Washington's candidates for governor are preparing to meet in their highest-profile debate.

Democrat Jay Inslee and Republican Rob McKenna will discuss the issues Thursday night in Seattle. The event will begin at 9 p.m., shortly after the conclusion of the vice presidential debate.

The latest meeting of the candidates will air live on five Seattle-area television stations, along with several other stations in the region. A final debate will be held on October 16.

The job of Washington State Auditor is to root out waste, fraud and abuse in government. But the Democratic candidate for that position, State Representative Troy Kelley, has come under scrutiny for his private business dealings. This includes wiring millions of dollars around to an account that was eventually linked to a bank in Belize. That was key evidence in a lawsuit against Kelley.

The campaign to legalize and tax recreational marijuana sales for those over 21 in Washington is launching a new television ad campaign Thursday featuring former federal law enforcement officials.

With 27 days until the general election, Republican presidential nominee Mitt Romney was on an Iowa farm Tuesday where he did what he's done for months: criticized President Obama's economic policies, though his critique understandably had an agricultural slant.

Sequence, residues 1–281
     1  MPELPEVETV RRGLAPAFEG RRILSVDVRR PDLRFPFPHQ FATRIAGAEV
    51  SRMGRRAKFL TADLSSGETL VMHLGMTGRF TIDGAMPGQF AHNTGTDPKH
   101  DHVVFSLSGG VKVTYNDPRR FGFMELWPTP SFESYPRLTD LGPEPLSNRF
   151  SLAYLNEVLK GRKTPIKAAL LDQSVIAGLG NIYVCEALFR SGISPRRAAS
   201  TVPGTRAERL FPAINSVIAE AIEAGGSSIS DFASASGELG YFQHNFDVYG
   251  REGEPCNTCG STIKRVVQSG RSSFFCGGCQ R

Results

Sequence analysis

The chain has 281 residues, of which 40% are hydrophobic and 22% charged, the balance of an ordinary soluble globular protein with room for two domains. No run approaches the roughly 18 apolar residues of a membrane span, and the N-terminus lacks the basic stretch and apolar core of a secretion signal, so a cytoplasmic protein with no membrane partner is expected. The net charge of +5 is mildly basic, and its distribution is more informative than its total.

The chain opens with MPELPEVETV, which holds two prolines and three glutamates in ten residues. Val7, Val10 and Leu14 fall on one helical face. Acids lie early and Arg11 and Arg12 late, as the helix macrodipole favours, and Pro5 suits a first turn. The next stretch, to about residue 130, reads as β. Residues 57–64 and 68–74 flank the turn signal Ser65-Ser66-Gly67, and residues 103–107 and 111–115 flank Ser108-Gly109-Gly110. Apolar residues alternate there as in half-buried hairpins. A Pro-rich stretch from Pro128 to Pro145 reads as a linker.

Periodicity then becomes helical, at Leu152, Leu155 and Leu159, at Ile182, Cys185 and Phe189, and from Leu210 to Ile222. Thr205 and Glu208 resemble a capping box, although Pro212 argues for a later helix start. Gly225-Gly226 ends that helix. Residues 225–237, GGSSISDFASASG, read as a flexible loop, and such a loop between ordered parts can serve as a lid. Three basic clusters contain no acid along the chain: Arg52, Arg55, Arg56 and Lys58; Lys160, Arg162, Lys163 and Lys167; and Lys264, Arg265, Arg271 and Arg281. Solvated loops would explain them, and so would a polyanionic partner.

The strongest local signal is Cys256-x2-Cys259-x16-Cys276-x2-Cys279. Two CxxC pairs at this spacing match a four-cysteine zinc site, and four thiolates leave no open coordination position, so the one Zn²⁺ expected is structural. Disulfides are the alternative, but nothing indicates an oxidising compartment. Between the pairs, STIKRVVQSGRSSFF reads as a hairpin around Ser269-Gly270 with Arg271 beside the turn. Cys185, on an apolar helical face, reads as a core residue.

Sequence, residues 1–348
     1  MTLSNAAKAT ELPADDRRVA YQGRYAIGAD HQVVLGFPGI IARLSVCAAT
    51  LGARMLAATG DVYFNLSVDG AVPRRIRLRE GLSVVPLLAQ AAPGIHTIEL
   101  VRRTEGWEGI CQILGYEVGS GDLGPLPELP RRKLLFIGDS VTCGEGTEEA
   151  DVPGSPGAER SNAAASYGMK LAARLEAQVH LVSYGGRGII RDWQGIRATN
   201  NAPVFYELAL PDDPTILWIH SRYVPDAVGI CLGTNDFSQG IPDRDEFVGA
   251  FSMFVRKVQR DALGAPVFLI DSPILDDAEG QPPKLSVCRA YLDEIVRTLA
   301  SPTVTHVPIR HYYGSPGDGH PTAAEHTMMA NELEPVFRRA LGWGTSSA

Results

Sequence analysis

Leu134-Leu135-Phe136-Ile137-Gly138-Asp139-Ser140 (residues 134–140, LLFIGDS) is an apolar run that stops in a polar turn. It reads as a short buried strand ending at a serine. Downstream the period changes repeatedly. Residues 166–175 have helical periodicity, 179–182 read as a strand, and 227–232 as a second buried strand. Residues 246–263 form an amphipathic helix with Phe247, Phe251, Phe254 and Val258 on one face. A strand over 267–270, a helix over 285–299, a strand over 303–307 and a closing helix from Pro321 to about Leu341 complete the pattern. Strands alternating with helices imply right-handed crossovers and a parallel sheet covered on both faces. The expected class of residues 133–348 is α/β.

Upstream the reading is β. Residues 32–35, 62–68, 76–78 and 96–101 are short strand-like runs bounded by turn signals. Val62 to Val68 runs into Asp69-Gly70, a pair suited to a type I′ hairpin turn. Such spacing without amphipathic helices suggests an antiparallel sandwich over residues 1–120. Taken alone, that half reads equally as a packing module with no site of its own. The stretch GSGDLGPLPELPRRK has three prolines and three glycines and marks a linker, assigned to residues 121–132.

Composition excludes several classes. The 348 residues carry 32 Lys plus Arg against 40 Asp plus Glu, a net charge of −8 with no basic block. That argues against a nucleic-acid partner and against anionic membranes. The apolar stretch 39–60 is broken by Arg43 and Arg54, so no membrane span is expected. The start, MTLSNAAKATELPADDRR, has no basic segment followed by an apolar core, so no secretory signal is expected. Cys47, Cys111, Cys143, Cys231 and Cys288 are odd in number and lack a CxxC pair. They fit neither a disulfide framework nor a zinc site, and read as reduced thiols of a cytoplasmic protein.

Culture warriors on the left and right would be wise to carefully examine a new survey from the Pew Research Center showing that a growing number of Americans are moving away from religious labels.

The study, titled "Nones" on the Rise, indicates that 1 in 5 Americans now identifies as "religiously unaffiliated," a group that includes those who say they have no particular religion, as well as atheists and agnostics.

The reviews are in and, agree with them or not, most people thought Mitt Romney bested Barack Obama in Wednesday's presidential debate. The two don't meet again until Oct. 16, but in the meantime, there will be the vice-presidential face-off this Thursday.

How much pressure is riding on Vice President Joe Biden and Republican challenger Paul Ryan?

As part of Solve This, NPR's series on major issues facing the country, we're examining the presidential candidate's approach to boosting employment. After looking at President Obama's strategy, it's time to examine the plan of GOP nominee Mitt Romney.